By: Elizabeth McDonald
When I decided to go on backpacking trip, I had no idea how it would affect me. I thought I might learn how to put up a tent or make a good meal in the wilderness. I assumed I would be challenged both physically and mentally. I hoped I would form some strong friendships. I never really thought about how I would feel afterward. During the trip, I missed fresh fruit, hot showers and contact with my family. Now that I am back, I am happy to have all these things back but I’m surprised by the amount of things I miss about the backcountry.
To start off, the silence. No matter how hard you try, you can never replicate the type of silence that is experienced when you’re miles away from other people. It can be startlingly overpowering but the serenity of it is empowering. Secondly, the simplicity of life. After the initial culture shock, walking to new home every night became a routine. In the front country, it seems there are always more things to get done than time. Finally, the company. While fifteen of us have moved on to the next segment together, we have moved on without three of our family members. Not only did the I-team provide us with knowledge, they also enabled us to be competent in a variety of situations.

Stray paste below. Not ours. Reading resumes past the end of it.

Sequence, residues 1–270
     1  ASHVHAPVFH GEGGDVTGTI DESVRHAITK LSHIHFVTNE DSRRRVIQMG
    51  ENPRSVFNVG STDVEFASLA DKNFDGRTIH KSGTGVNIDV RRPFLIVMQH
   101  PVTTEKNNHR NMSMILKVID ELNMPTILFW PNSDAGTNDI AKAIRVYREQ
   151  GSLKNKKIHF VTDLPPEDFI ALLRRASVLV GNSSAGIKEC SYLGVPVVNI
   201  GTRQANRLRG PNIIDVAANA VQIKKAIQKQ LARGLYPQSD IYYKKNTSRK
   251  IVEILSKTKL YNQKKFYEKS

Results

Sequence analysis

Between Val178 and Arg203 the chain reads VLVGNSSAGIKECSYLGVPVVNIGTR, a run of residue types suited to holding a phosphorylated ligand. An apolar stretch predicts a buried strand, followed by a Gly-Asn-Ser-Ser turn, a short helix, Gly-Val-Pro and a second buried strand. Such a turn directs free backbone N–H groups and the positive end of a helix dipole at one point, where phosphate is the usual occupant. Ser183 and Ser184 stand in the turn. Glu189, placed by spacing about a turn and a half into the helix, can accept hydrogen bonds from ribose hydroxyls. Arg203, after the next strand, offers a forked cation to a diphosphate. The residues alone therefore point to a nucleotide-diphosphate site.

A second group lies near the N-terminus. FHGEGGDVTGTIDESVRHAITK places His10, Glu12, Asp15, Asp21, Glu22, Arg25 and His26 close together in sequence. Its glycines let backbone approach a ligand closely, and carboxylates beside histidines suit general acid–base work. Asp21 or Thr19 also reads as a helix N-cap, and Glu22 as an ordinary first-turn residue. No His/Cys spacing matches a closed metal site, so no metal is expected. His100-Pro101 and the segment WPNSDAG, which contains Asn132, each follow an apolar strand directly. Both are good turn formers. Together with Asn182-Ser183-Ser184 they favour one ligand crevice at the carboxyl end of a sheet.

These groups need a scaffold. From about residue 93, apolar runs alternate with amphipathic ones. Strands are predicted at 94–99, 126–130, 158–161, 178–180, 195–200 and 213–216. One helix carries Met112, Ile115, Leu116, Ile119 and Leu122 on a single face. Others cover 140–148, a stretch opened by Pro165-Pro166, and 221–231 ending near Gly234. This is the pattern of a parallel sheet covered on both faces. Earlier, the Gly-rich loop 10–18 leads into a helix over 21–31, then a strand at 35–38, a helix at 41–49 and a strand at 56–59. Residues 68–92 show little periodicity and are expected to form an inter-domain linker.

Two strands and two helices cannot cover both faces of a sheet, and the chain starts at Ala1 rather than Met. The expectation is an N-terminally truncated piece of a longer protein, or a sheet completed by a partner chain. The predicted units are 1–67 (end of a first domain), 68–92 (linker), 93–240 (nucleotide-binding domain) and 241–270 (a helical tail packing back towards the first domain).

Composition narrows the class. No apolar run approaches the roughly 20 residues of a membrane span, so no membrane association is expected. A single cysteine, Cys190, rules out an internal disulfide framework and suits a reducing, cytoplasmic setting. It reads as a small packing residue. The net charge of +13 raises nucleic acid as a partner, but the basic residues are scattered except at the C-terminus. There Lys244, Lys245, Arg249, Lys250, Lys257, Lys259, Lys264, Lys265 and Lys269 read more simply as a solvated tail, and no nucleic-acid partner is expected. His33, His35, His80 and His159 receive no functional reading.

All that being said, I’m not planning to go live in the backcountry for the rest of my life. I’ve been exposed to the wonders of the front country too long not to miss something. However, the experience gave me three major takeaways. One: tolerance for uncertainty and adversity. In life, there are things that are in and out of your control. You can’t change the things out of your control but you can change how you react to them. Two: live in the moment. Life is too precious to wish away. Three: don’t expect the unexpected. Accept it.